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Is Social Media for Real Estate a Replacement for Blogging? [blog vs. microblog]

coffee-no-waterThe short answer is no

Many seem to think that being live in social media spaces and chatting it up with the folks is a more robust way of accomplishing the same feat as blogging, but they go hand in hand.  Put simply, blogging is part of social media, but in my view, it’s still only a two dimensional conversation and social networking (chatting it up with the folks) brings you ‘multi-deminsional.’

Social media and blogging have limits

Either way you spin it, when you’re on Twitter, Facebook, or LinkedIn, your reach is limited to when you’re present- limited profiles, limited characters to articulate a position, and quite frankly, absolutely very little Google power.

On the flip side, when blogging without the use of social media spaces like Twitter, Facebook, or LinkedIn, the audience is left with only a rough edge view of who you are.  Sure, they know what you’re saying, and know you’re passionate about it, but the personal connection is limited.

2 + 2 = robust

Now, adding these two powerful elements together, both blogging and a presence in social media spaces, the folks really begin to get a sense of who you are, what you stand for, and a more personal connection with your brand- the opportunities to find more commonalities with future consumers is improved immensely.

It is another way for Realtors to shine in social media despite the challenge of not having a tangible product on a shelf to sell… in a social network, a blog acts as an instant service identifier (for example: commercial broker blogs vs. first time buyer agent blogs). Social networking is powerful because it brings a blog multi-dimensional and expands its reach.

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Coffee with no water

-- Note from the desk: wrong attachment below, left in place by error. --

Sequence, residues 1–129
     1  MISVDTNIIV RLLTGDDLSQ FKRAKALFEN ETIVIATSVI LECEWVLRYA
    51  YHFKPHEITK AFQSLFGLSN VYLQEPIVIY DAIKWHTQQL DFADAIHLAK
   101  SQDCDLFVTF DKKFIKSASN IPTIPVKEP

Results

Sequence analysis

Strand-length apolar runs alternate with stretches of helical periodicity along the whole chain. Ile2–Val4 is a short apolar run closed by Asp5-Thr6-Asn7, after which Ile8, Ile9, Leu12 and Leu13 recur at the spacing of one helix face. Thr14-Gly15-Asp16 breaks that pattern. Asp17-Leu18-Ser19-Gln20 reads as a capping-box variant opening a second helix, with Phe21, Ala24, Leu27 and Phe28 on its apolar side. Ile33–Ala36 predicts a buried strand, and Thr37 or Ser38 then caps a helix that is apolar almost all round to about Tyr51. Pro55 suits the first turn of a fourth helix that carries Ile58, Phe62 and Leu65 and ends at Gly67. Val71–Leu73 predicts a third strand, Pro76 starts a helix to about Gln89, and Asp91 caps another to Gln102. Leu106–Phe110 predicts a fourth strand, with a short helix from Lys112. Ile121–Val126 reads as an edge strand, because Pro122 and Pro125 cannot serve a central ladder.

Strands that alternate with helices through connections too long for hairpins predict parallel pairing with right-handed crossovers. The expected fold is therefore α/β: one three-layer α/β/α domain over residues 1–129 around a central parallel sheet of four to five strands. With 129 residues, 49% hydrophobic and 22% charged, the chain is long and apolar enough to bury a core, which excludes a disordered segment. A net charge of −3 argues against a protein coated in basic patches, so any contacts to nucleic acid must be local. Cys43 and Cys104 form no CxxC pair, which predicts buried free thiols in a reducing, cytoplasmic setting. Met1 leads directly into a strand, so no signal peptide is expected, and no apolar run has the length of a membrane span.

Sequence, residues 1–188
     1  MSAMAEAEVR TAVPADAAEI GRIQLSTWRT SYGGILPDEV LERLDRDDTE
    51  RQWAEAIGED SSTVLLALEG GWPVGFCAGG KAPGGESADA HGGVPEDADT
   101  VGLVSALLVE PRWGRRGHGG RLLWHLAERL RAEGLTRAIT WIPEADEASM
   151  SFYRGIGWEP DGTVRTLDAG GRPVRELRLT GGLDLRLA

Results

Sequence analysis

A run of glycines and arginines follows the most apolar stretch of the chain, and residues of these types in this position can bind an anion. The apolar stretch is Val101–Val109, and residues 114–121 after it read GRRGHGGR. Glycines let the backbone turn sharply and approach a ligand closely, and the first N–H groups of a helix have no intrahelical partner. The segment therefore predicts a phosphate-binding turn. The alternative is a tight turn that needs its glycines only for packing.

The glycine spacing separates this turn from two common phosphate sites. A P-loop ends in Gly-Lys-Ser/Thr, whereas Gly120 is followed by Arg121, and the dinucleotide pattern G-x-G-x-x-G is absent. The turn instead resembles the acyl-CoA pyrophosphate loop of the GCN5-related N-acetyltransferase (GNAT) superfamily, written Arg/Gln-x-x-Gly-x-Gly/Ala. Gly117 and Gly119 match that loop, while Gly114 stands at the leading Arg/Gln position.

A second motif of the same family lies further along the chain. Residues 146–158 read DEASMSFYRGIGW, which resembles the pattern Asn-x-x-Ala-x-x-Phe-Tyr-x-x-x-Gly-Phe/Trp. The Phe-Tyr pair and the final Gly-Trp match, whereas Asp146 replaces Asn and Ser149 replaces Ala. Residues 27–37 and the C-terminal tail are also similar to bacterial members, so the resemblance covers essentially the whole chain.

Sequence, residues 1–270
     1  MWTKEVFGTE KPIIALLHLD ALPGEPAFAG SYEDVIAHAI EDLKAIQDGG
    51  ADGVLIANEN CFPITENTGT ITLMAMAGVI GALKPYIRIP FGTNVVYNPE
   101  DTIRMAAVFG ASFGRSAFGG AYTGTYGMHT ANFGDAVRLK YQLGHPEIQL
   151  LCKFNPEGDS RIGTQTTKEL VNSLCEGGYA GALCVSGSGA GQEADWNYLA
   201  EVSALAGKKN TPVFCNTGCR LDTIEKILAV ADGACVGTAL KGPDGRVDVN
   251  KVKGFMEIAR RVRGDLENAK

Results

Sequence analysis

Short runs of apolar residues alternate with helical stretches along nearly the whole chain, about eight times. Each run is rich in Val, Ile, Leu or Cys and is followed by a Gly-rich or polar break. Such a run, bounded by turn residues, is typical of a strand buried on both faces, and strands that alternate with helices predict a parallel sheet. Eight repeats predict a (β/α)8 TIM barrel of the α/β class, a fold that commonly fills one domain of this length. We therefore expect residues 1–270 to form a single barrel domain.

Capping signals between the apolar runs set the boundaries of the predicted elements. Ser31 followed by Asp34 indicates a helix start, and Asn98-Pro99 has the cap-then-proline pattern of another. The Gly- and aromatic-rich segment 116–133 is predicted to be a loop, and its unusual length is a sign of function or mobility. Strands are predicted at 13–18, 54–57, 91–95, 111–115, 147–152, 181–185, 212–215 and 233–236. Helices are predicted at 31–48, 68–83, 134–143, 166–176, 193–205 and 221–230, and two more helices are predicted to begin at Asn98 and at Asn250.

So, if you joined a social network in recent days, weeks, or months, as an alternative to blogging, I’m sorry to disappoint you- you simply will not grab as much of a market share as you would if you had a quality blog to supplement it- in fact, your blog is your personal community, and without it, you’re missing a foundation.

Can you have one without the other? Sure, but only if you like cereal without milk, coffee without water, a laptop without internet, or maybe a grilled cheese minus the bread- I can do these all day, but I think you get the point.

Benn Rosales is the Founder and CEO of The American Genius (AG), national news network. Before AG, he founded one of the first digital media strategy firms in the nation has received the Statesman Texas Social Media Award and is an Inman Innovator Award winner. He has consulted for numerous startups (both early- and late-stage), and is well known for organizing the digital community through popular offline events. He does not venture into the spotlight often, rather he believes his biggest accomplishments are the talent he recruits and develops, so he gives all credit to those he's empowered.



  1. Doug Francis

    May 3, 2009 at 11:01 am

    The time on FB needs to compliment what you are doing elsewhere in your marketing efforts. So a good strategy is to set up time maximums for each marketing effort and don’t let one (like FB) monopolize your time.

  2. Matt Stigliano

    May 3, 2009 at 1:15 pm

    Benn – This just goes back to your solution in a box theory. If you’re looking for a cure all, you’re not going to find it. Like many things in life, it takes a combination of disciplines to truly get where you want to go.

  3. Lani Rosales

    May 3, 2009 at 2:01 pm

    Matt, I agree with Benn’s theories tying together- so many people are looking for the magic potion that is free and doesn’t take any time and it simply doesn’t exist. Others get so wrapped up in the sparkly nature of Twitter that they forget effective blogging as their foundation. All of these things are tools and they go in a toolbox, they are not the toolbox itself, the user is.